Bubbles in the exterior paint coating are usually caused by moisture in the substrate (wood siding, stucco, etc.) Moisture bubbles, unlike heat blisters, will go through all coats of paint down to the substrate.
Under the normal conditions, water will want to evaporate. If water is in a substrate and it does not have any coating on it, it isn't a problem. It will just dry out. However, if the paint coating gets in the way of the water which is trying to evaporate, the water vapor, unable to penetrate the coating, will put enough pressure on the paint to force it away from the substrate, creating a bubble.
To stop moisture bubbles, you must find and eliminate the source of the moisture in the substrate.
Roof and gutter leaks, leaky windows and lack of proper flashing are all usual suspects in leak detection. Improper construction techniques, unsealed wood end-grain, uncaulked vertical joints and seams around widows and doors can all allow the rain water to enter the substrate and cause paint coatings to bubble.
Likewise, moisture moving through a wall to the exterior paint can come from inside plumbing leaks, sink and tub overflows. These should be suspected and ruled out as possible culprits.
Moisture vapors from hot showers, cooking or using a humidifier can all be a cause of excessive moisture in a substrate. If there is not a vapor barrier or if the barrier is incorrectly installed, the vapor can easily move through exterior walls and cause paint bubbling. Suspect this if you find bubbling on the outside of bathrooms, laundry rooms and kitchens. Improve ventilation (fens, open windows, etc.) in those areas and consider the strategic use of dehumidifiers.
Paint bubbling outside bedrooms often puzzles home owners and professional painters alike. This is because there seems to be no obvious source of moisture. Well, let’s take a closer look. On average a person loses about 28 ounces of water due to respiration and perspiration per 24 hour period. This brakes down to about 9.5 oz. per night (8hrs) per person.
What happens with all of this moisture? As the sun comes up in the morning and the outside temperature rises, this moisture will want to evaporate and some of it will find its way to the back of the exterior paint coating. The hotter the surface temperature, the stronger the push to evaporate, the more likelihood of bubbling.
Here is a paint tip: use lighter paint colors whenever possible. The lighter the surface color the more of sun light energy is reflected from it. The darker the color, the more sunlight energy is absorbed by the surface and the hotter it gets. This is why choosing a lighter exterior color can help with the paint bubbling problem and will generally extend the life span of a paint job.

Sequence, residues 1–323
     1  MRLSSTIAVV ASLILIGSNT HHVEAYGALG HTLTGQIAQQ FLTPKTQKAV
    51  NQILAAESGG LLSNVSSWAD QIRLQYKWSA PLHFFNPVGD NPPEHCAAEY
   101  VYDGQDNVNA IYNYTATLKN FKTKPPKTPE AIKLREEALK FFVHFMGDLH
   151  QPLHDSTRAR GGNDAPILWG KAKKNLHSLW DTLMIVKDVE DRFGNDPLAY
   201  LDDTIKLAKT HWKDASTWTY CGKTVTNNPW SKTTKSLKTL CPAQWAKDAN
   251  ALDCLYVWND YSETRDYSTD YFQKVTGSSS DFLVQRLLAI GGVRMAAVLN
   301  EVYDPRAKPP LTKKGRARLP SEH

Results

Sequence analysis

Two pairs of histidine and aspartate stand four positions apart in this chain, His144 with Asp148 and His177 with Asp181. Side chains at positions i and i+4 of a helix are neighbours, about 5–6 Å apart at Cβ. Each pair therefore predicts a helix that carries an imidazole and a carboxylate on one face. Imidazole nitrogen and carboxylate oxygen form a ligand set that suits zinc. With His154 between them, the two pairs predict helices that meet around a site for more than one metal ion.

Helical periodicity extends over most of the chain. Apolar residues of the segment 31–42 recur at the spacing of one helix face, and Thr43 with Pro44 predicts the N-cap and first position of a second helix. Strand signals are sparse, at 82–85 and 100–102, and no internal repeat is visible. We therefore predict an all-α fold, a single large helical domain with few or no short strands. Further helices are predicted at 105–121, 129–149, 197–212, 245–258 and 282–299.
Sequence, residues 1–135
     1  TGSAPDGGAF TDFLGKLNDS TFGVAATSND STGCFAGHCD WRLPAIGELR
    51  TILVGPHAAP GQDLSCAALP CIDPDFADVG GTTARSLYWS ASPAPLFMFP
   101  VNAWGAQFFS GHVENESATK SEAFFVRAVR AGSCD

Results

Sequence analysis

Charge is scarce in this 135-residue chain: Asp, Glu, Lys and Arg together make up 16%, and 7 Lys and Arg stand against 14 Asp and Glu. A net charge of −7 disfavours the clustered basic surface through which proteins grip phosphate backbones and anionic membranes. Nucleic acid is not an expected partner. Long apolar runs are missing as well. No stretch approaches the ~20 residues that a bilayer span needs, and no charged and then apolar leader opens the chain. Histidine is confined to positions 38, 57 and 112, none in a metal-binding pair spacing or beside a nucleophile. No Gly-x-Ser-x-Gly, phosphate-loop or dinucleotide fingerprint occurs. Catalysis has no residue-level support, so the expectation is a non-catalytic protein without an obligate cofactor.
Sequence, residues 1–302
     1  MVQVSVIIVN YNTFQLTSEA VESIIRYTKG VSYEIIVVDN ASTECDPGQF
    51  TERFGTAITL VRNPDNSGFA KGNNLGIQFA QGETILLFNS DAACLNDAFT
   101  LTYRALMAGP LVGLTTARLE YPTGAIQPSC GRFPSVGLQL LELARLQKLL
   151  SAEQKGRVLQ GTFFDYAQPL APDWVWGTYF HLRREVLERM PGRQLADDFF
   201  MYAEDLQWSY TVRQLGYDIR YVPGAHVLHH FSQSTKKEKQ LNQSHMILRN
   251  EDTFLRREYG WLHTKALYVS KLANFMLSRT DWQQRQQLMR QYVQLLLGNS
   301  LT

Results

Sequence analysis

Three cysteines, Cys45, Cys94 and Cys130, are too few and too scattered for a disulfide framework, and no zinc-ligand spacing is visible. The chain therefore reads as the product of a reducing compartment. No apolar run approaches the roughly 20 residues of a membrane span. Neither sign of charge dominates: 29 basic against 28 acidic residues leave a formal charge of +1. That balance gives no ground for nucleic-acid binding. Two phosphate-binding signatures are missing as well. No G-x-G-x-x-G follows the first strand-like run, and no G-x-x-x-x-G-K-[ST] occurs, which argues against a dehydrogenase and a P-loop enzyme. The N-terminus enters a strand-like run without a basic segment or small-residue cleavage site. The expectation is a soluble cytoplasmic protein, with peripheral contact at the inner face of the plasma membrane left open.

Paint substrate has to be able to "breathe", that is, it has to be capable of releasing moisture it has absorbed. Proper venting and free to move expansion joints (as in the case of wood siding) are very important for this reason. But vents are often missing all together or are plugged by caked-on paint and the expansion joints are often caulked shut by over-zealous home owners and amateur painters. This can result in moisture being trapped in the substrate.
Paint coating itself is generally breathable. That is to say, it is capable of allowing moisture vapors to pass through it. However, after a home is repainted five or ten times it can have ten or twenty coats of paint on it. This can bring the breathability of paint, and the substrate it is coating, to near zero. This is why you can often solve a persistent bubbling problem by stripping all of the old coatings from a substrate before repainting.
In a situation where the substrate has lost most of its ability to breathe even a very small amount of moisture entering a substrate can build up and result in paint bubbling.
Please also keep in mind that a perfectly dry and suitable for painting wood will have between 6 and 15 percent moisture content. So, even if the surface has never bubbled before, just by decreasing its breathability (through adding coats to an already too havy of a paint built up) and/or rasing the surface temperature by just a few degrees (due to darker color paint used) you can couse paint bubbling.
So, let’s recap. To deal with moisture caused bubbles one has to:
1) Detect and eliminate sources of water intrusion (leak detection)
2) Handle excess moisture generated inside a home (increase of ventilation and use of dehumidifies)
3) Increase the substrate breathability (improve exterior venting and/or old paint stripping)
4) Reduce the substrate surface temperature (use lighter paint colors)
I hope this helps.